Efforts at University of Wyoming since 2005 evolve to combine basic gene discovery approaches with novel vaccine platforms
Brucellosis can cause elk, bison, and cattle to abort their fetuses, associated with a high risk of transmission after an animal has an abortion.
Most of the U.S. is now free of bovine brucellosis due to a decades-long eradication program; however, the disease is endemic in bison and elk in the Greater Yellowstone Area (GYA) and occasionally spills over to cattle herds.
Brucellosis vaccination has been an important part of the program to eradicate disease from domestic cattle. While vaccination of cattle with B. abortus strain RB51 does reduce abortions, it does not necessarily prevent infection. Also, currently available vaccines are not appropriate for use in bison or elk.
There are many other species of Brucella that are important to consider. B. melitensis, for example, is found in sheep and goats throughout the world, and this particular species can cause severe human disease. There is no effective vaccine available for B. melitensis.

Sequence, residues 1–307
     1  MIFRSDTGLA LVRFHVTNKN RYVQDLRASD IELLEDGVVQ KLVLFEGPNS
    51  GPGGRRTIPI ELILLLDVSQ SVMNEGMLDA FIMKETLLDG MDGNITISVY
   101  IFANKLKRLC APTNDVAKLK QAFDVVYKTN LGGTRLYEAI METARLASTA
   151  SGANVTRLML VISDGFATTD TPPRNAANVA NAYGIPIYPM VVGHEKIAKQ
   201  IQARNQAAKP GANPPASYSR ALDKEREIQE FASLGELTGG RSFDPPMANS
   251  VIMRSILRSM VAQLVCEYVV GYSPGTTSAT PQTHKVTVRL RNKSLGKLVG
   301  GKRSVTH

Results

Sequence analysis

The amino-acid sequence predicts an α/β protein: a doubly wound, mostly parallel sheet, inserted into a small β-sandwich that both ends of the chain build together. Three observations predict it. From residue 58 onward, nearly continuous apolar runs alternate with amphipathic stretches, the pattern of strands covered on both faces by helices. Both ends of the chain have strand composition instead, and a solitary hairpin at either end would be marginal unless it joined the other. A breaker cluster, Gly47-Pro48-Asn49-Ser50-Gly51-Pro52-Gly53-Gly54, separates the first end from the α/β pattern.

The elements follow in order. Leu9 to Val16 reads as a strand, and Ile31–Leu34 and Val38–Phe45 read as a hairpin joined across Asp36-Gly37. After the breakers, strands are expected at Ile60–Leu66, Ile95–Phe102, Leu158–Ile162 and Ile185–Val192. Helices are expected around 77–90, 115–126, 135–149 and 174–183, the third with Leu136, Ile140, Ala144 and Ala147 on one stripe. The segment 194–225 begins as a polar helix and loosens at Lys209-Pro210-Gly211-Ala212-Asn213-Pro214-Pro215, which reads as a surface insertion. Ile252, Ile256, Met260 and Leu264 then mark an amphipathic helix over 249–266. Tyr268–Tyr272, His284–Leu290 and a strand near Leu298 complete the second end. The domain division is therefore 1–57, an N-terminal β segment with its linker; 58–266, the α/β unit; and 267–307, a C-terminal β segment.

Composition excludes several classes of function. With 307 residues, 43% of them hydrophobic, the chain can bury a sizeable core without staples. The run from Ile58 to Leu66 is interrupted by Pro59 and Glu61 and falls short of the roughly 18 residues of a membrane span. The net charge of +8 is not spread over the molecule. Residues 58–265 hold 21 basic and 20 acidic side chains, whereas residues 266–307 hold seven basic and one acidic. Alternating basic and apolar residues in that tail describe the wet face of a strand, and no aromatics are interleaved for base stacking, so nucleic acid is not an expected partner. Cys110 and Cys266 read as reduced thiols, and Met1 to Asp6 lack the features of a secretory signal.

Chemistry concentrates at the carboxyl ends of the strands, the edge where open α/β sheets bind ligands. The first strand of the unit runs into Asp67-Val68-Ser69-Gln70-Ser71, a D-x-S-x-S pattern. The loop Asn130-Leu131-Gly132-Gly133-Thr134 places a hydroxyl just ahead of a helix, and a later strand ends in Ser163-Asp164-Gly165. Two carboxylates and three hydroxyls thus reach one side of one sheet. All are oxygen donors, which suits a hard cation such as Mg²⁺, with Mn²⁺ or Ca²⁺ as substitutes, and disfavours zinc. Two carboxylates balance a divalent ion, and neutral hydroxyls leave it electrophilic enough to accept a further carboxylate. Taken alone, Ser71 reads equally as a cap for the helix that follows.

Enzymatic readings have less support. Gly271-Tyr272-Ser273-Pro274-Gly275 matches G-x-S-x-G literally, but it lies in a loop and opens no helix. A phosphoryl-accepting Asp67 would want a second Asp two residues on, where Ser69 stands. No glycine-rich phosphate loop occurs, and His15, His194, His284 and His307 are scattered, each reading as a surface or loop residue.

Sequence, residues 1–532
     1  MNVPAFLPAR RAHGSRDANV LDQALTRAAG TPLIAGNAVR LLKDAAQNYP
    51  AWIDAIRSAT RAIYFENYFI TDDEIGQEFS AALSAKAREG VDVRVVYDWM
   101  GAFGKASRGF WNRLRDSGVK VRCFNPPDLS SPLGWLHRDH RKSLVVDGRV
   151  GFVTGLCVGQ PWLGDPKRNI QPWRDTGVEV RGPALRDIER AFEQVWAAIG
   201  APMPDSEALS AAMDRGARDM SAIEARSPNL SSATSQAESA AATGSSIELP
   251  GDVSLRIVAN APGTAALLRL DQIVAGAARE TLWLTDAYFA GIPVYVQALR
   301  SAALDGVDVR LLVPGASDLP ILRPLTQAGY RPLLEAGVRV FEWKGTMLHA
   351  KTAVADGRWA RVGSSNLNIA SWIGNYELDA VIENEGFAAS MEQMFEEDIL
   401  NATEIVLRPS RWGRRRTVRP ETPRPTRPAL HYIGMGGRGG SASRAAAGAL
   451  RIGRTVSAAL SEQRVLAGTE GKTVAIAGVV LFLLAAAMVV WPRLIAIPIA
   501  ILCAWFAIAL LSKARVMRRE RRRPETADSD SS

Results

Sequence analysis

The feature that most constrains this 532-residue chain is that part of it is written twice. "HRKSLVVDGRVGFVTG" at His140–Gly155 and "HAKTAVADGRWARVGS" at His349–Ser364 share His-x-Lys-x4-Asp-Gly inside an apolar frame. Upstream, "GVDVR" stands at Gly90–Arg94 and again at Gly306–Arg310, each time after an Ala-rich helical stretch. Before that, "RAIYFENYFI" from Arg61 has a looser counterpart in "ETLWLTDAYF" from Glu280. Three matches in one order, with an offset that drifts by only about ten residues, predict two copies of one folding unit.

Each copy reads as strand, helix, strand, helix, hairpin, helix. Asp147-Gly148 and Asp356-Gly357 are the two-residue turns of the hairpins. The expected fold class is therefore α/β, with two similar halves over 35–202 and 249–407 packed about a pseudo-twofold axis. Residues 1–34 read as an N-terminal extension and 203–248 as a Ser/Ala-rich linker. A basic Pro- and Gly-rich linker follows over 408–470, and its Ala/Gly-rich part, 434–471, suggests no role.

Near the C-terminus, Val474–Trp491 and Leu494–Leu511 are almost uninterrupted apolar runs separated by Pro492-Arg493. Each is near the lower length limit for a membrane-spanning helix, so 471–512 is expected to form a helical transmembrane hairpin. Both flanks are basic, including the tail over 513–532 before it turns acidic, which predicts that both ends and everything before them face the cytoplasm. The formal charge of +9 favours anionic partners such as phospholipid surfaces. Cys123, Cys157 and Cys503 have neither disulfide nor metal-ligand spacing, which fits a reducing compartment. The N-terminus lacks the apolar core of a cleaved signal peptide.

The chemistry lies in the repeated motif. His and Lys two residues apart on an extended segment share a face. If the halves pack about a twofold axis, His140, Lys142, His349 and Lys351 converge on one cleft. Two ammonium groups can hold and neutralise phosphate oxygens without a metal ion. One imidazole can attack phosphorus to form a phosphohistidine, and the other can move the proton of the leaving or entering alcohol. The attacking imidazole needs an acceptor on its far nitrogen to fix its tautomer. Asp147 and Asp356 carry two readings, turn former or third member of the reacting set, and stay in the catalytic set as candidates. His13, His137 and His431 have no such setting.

UW scientists have applied modern molecular methods with the ultimate goal of producing a vaccine that would protect more than one species of susceptible animal hosts against Brucella.
For over a decade and a half, efforts to determine the molecular mechanisms that drive Brucella species to invade and potentially produce disease in mammals has been studied in numerous laboratories around the country, including the University of Wyoming.
These microorganisms have a propensity to colonize their animal hosts, survive for long periods of time, and remain dormant. Persistent bacterial infections in mammals abound, such as Yersinia enterocolitica (chronic gut colonization in elk), Mycobacterium tuberculosis infections (in humans and elephants), and Helicobacter pylori, the bacterium that causes human chronic gastritis/peptic ulcers, to name a few.
With the premise that the characteristic hallmark of B. abortus invasiveness (as well as other Brucella species) in mammals is persistence (chronic infection), the ideal pathogen would not necessarily cause disease. Epidemiological studies on B. abortus bear this out, as it has been difficult to numerically correlate pathologic outcomes with B. abortus infection in natural host populations (domestic animals, such as cattle and/or wild herding animals [elk]) .